Saturday, November 1, 2014

Santander, Spain (p.2): Palacio de la Magdalena

Palacio de la Magdalena, Santander, Spain 
(Continued from Part 1)

The Palacio de la Magdalena was built in the early 19th century, on the top of a hill overlooking the Bay of Santander. The Second Spanish Republic confiscated the palace and turned it into a university. Check out the link to learn more about Palacio de la Magdalena's history.


We should totally walk the grounds while we're here. Here's the map:


1. Minizoo (We'll visit that last.)
2. Playa de Biquinis. (Let's start here.) ;)
5. Museo del Mar


This view is of the park and cafe on Playa de Biquinis (1). This beach was named in the 1950s when "foreign women" started wearing bikinis here. The beach proper starts across the playground.


Samuel Félix Rodríguez de la Fuente was a Spanish environmentalist in the mid-1900s. He died in a plane crash in Alaska, where he was filming a documentary. The park begins with this monument, contains plaques describing various trees and bushes, and stumps have been carved into interesting figures including chairs. It is a very inviting place to chill. There are also modern art pieces dedicated to victims of terrorism.


We're going to skip walking down to Faro de la Cerda (3). Instead, we'll head directly toward the palace. It's a steady slope leading to great views. In the mean time, check out this groovy stump art. While we pant up the hill.












Welcome to the Palacio de la Magdalena (4)! We made it! What a sight. You really can see the different architectural styles mentioned on the palace website. In a few minutes, we'll head around the corner there on the right to check out the Bay of Santander. It looks promising: beautiful views with well placed benches from which to enjoy them.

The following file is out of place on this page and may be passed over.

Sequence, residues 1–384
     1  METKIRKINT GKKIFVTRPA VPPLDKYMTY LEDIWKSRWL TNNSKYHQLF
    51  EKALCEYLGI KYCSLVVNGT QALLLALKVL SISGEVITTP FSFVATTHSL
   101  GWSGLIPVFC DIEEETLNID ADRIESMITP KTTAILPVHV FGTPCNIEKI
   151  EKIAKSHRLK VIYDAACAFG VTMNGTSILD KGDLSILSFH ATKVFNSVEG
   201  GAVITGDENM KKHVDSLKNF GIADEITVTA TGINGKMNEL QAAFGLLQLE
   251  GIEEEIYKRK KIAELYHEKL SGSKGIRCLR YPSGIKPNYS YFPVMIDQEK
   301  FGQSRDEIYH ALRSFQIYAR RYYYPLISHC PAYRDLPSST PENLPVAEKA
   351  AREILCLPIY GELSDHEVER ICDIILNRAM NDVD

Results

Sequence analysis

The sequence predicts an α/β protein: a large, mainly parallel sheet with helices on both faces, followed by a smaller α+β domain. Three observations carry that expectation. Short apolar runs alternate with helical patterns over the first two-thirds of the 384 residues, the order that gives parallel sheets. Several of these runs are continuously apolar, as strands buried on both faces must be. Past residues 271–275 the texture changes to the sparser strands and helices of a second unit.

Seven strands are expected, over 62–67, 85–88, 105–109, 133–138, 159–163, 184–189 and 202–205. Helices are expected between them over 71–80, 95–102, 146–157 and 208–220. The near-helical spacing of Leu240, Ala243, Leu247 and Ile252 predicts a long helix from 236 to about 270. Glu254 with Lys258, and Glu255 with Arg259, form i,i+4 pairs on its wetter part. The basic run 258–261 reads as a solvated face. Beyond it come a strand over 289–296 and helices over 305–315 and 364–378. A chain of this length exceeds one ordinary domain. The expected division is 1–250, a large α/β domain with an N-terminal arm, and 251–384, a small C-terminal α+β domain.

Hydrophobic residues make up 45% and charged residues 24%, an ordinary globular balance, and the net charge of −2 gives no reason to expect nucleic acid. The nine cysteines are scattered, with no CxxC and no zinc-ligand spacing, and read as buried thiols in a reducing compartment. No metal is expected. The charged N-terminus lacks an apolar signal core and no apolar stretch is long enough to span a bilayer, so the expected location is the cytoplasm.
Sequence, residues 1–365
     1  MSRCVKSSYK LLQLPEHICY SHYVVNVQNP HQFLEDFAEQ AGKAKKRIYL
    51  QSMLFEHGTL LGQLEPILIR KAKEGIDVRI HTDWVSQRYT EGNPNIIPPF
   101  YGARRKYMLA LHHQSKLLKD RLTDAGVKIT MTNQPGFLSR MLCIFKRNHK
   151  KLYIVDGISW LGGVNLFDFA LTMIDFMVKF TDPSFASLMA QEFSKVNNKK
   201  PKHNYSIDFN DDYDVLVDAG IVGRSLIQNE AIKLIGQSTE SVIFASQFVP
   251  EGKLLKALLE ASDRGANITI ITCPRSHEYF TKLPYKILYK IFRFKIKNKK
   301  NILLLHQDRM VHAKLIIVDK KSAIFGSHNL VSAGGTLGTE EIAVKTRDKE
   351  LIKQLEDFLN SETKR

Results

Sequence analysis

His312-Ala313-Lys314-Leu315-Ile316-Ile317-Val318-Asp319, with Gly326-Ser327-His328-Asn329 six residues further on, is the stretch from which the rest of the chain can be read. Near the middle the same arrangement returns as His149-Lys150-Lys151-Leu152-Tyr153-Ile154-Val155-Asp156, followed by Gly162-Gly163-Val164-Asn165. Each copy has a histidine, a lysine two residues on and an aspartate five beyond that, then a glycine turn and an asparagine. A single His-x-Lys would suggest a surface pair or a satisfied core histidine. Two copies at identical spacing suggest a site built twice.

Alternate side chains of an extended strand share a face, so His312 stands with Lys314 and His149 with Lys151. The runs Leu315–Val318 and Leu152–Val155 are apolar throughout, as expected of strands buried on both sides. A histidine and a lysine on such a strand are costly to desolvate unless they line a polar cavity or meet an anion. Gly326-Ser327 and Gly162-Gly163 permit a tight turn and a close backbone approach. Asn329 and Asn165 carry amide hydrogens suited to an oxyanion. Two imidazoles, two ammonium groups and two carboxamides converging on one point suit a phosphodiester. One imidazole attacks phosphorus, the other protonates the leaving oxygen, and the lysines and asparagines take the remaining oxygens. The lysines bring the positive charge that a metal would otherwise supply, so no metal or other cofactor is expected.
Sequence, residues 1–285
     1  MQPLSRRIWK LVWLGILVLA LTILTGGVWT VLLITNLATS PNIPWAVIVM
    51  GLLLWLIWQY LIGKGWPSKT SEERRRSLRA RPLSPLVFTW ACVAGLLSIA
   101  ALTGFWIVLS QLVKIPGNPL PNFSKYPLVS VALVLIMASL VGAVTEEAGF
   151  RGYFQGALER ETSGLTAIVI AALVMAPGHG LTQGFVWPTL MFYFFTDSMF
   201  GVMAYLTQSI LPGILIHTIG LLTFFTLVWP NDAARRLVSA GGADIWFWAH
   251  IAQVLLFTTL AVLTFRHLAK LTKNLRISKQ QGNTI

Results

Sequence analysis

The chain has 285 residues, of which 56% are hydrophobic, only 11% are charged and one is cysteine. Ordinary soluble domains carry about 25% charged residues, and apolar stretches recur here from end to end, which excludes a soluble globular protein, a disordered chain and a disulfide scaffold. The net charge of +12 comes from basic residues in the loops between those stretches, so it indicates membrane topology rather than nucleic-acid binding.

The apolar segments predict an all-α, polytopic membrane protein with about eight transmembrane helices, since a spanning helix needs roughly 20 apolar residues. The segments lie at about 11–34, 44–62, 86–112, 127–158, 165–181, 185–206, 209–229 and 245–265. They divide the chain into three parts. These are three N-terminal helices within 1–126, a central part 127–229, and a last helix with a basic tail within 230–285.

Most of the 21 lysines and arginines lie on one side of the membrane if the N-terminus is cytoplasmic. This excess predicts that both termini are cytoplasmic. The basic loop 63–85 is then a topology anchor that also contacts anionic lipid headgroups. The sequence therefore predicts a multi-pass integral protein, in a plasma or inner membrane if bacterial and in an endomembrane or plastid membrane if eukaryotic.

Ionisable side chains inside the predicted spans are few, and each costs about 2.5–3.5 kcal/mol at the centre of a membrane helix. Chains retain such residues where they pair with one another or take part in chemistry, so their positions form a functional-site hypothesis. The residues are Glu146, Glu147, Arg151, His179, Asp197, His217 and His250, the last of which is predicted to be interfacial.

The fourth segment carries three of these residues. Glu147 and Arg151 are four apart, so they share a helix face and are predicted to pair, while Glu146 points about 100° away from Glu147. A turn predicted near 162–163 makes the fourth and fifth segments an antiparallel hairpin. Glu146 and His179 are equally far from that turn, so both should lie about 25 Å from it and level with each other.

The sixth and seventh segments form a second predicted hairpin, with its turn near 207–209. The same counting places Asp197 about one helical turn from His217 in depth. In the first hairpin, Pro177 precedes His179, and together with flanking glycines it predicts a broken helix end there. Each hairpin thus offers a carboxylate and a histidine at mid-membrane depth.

We expected high winds, but there was only a light breeze. Quite an extraordinary day. We met an Irish family that lived in Scotland and were in Spain to see their daughter "off to university." They called it being "on holiday." 


Now, we've got a short walk to the Museo del Mar, but we should definitely take our time, enjoy the views, and sit on some of those stump chairs.


"Aw. Isn't Jenn cute?
Wow. Would you look at that!
Santander, Spain."
~thoughts from Monique's distracted brain~

Okay, enough goofing off. Let's get serious...check out those pretty ships at the Museo del Mar - wait, is that a bubble?


That bubble was used during a research trip to the Amazon. Researchers spent 267 days in it. The three small galleons (caravels) were created and sailed with the intention of embracing the sea-faring spirit and culture that is a part of Spain's heritage. In other words, these ships were created to retrace the steps Columbus took. (Not surprisingly to history buffs, the map of their route showed South America as the destination.)

Museum: The Man and The Sea
 The ships were much smaller than I imagined them to be - the Nina, Pinta, and Santa Maria - particularly when considering that the raft is quite close to the same size. Based on some of the descriptions, I'm not sure that they actually followed Columbus' path, so much as crossed the Atlantic in similar vessels.

Now, that we've seen the Museo del Mar, we're right next to the minizoo. We should check it out, too.

First, the sea lions (left). Then, the sea birds (right). Definitely, a minizoo. It looks like they used to have penguins at some point, but not any more. I'm glad for the penguins' sake. I hate seeing sea lions locked up so close to the ocean. It's sea creature torture: "Here's the ocean. No, you may not go in it." Terrible!

Aside from the minizoo, wow, what a wonderful place to chill out, picnic, enjoy beautiful views, meet others out enjoying the views, ambulate, and otherwise spend the day. Perhaps the next time we'll go swimming at Playa de Biquinis?

In our next post, we go to Altamira, Spain to visit the neolithic cave. Stay tuned for more: "Adventures of JennMoeSa!"

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